Saving boosts Australians’ wealth

Published 27 December 2012 05:22, Updated 04 January 2013 14:53

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Saving boosts Australians’ wealth

It estimates the wealth of the average Australian family, including their home, superannuation and other financial assets, climbed by 6.6 per cent in 2012, the best annual increase since 2009. Photo: istock

Average household wealth rose to a record $868,000 in 2012, driven by solid house prices and a sharemarket recovery, forecaster Outlook Economics says.

It estimates the wealth of the average Australian family, including their home, superannuation and other financial assets, climbed by 6.6 per cent in 2012, the best annual increase since 2009, when the stimulus after the global financial crisis pushed up house prices.

Outlook Economics director Peter Downes said one of the interesting aspects of the rise in wealth was that it was driven not so much by rising asset prices as by people saving more.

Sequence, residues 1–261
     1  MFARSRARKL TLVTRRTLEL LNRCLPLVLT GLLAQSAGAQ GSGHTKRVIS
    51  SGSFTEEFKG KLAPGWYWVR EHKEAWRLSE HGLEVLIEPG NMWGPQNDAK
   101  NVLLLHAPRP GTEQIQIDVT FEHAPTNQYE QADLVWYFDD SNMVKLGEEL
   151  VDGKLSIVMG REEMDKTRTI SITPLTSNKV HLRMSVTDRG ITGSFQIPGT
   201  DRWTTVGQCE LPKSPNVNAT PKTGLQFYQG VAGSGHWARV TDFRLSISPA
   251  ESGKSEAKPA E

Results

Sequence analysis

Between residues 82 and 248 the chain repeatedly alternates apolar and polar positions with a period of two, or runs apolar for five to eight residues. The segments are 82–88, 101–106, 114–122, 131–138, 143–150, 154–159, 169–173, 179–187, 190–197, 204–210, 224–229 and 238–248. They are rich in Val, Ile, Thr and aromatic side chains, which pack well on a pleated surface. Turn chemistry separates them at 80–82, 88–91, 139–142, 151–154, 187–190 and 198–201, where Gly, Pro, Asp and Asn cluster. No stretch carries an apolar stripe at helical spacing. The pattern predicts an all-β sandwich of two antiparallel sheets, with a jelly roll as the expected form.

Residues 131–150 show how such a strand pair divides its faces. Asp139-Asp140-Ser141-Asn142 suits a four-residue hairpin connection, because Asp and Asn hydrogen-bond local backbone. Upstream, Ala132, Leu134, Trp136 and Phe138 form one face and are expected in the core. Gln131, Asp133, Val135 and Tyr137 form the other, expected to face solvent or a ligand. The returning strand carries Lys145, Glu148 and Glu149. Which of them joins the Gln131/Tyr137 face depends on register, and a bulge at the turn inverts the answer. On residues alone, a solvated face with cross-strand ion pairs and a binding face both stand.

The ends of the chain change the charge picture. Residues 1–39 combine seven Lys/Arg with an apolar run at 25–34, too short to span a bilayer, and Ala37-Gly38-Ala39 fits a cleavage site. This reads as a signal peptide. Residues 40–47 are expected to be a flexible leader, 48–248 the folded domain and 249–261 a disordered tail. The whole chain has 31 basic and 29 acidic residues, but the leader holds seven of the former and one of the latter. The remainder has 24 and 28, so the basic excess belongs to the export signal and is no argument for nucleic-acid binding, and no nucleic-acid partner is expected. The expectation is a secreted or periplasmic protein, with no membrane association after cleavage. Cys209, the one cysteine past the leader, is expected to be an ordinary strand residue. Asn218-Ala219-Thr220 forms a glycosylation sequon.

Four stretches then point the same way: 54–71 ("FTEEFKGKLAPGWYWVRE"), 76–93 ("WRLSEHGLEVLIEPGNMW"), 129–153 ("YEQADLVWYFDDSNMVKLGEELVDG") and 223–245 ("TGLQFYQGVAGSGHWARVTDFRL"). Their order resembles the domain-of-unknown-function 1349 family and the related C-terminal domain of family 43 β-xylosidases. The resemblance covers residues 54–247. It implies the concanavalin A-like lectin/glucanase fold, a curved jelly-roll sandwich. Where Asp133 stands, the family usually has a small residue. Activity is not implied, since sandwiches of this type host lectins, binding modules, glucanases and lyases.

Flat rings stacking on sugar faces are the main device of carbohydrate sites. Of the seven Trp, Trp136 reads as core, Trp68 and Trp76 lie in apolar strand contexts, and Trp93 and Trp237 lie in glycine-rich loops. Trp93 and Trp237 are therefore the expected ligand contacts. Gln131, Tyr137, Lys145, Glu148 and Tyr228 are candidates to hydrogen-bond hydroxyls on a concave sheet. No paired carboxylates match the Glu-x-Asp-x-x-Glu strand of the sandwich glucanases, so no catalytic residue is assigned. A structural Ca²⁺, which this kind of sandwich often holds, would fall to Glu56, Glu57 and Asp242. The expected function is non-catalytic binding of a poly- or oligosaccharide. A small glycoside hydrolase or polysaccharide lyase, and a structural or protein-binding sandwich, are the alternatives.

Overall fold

“House prices have bottomed, the stockmarket is picking up and you have this big increment from saving,” he said.

Household wealth fell 4 per cent in 2011 as high interest rates and the end of the stimulus reduced house prices.

In 2012 across Australia, house prices in capital cities and regional areas edged up 1.4 per cent, Mr Downes estimates. The stockmarket also rose strongly.

He said that with low interest rates his model projected wealth would continue to rise. Eventually, the boost in wealth should translate into more spending as people felt more confident.

Separately, the Reserve Bank of Australia concluded that a measure of household net debt fell significantly over the past five years.

A paper by RBA economists Ellis Connolly, Fiona Fleming and Jarkko Jääskelä says total debt as a share of household disposable income stayed roughly flat in the past five years after growing sharply in the early 2000s.

But they found that this was increasingly balanced by holdings of interest-bearing assets such as term deposits at banks.

Net debt measured by total debt minus these assets fell from 42 per cent in 2006 to 35 per cent in 2012.

Much of this wealth is held in superannuation accounts.

This article first appeared on afr.com

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